Golden Boy Asks: Strings or Rings?
I wish Golden Boy caught fire. I wish I could say that Lincoln Center Theater's revival of Clifford Odets's 1937 play was igniting a nightly blaze at the Belasco Theatre, where it premiered 75 years ago. Bartlett Sher's new production generates a fair amount of heat, and generates it through the best artistic means, but it never catches and burns. And if any play demands fire, Golden Boy does.
A mid-career work whose flaws are well-known, Golden Boy shows Odets, like his hero, torn between artistic principle and commercial success. In the play's slightly dubious metaphor, this compels Joe Bonaparte (Seth Numrich), a musically gifted Brooklyn kid with a poverty-embedded chip on his shoulder, to choose between being a violin prodigy and a welterweight boxing champ. He opts for the latter, dismaying his music-loving father (Tony Shalhoub), because of its flashy material rewards, but also—in a homoerotic undercurrent that Sher's production stresses—to avoid the "outsider" (i.e., "queer") stigma classical music brings.
We never learn what sort of violin-playing career Joe might have had. Like his hero, Odets jumps to snap decisions. Taken at its proper tempo, less stately than Sher's, the action moves with almost manic quickness. What gives the script distinction is Odets's gaudy language, a raffish mix of street-speak and high-flown ornateness. Some of Sher's large cast catch its exact tone, notably Shalhoub, Danny Burstein as Joe's trainer, Anthony Crivello as the gangster who buys "a piece" of Joe's contract, and Ned Eisenberg as a wiseass fight promoter.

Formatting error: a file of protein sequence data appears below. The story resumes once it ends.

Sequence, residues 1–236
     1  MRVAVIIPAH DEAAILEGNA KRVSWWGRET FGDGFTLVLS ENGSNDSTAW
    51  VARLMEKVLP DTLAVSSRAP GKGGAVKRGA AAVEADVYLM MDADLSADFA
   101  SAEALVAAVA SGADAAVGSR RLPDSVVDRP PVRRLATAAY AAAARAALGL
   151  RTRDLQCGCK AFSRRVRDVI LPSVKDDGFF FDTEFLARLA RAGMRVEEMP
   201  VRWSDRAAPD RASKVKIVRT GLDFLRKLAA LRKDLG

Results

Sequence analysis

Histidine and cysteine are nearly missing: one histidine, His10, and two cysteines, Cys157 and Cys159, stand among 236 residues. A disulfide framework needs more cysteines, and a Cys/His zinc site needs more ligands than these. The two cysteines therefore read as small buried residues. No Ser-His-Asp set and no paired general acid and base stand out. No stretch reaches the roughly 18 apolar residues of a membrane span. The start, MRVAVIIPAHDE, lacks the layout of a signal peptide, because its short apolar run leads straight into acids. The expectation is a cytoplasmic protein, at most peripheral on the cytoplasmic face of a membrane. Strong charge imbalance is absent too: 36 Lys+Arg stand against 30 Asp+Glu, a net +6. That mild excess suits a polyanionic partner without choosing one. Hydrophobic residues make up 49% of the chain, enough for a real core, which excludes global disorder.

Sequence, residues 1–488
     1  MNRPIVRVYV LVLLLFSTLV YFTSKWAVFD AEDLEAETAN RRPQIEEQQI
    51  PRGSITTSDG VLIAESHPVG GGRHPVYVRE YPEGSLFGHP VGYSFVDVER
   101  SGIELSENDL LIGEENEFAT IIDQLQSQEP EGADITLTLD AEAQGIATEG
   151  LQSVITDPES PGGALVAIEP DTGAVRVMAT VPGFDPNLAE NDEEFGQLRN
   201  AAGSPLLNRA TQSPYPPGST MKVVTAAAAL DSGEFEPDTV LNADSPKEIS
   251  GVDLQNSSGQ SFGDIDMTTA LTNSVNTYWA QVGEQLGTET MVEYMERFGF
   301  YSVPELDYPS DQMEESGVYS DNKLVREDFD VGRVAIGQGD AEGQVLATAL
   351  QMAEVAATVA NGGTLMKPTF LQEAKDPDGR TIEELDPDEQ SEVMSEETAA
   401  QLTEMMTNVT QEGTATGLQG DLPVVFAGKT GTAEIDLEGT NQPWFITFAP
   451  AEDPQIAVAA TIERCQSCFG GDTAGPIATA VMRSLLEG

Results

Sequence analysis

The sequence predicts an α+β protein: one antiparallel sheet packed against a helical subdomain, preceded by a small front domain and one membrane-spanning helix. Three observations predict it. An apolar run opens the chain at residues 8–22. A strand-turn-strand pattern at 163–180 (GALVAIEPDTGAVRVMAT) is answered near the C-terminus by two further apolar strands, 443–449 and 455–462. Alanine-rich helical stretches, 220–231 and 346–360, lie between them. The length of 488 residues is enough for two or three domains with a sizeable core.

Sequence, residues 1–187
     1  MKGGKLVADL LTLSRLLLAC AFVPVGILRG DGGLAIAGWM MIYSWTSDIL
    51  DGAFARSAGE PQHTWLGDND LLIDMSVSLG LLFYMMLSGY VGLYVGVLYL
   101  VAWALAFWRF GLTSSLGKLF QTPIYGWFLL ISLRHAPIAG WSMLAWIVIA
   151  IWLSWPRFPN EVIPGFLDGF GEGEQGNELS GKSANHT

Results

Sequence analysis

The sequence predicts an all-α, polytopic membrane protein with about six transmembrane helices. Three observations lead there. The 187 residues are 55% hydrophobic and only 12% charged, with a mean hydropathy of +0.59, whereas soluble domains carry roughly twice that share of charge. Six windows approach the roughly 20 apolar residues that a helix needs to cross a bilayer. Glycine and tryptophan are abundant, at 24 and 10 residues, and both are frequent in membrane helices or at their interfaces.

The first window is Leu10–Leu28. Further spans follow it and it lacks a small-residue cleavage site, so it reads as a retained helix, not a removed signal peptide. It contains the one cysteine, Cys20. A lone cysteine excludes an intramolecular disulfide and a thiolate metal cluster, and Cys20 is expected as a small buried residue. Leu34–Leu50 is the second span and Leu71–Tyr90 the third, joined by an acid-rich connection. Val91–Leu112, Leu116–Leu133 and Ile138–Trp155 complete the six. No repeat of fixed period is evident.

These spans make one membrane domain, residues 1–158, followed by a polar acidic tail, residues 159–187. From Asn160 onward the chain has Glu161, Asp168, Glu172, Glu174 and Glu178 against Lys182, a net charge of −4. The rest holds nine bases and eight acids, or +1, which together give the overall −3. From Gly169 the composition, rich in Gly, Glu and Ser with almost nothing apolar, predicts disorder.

By Clifford Odets
111 West 44th Street
Others work the Odetsian vein accurately but monotonously, while still others, unhappily including Yvonne Strahovski as Joe's ill-fated love object, Lorna Moon, seem locked in a director-inspired self-consciousness, rendering every line with invisible quotes around it, "playing Odets" the way actors who lack a Shakespearean sensibility "play Shakespeare."
Odets, of course, expected, and apparently got in 1937, both more fierceness and better-grounded, more strongly varied detail from his cast (four members of which, interestingly, later became notable directors: Elia Kazan, Robert Lewis, Michael Gordon, and Martin Ritt). He wins the evening anyway, on points, as it were, because the language flares up even when treated piously, and because his melodramatic urgency keeps pushing the story onward, despite the squarish staging. Numrich, investing Joe with a bumptious, eager-eyed energy, scores unevenly but hits many moments to perfection; his punch-drunk reeling at the climax gives a taste of the vertiginous effect Golden Boy's first audiences must have felt.
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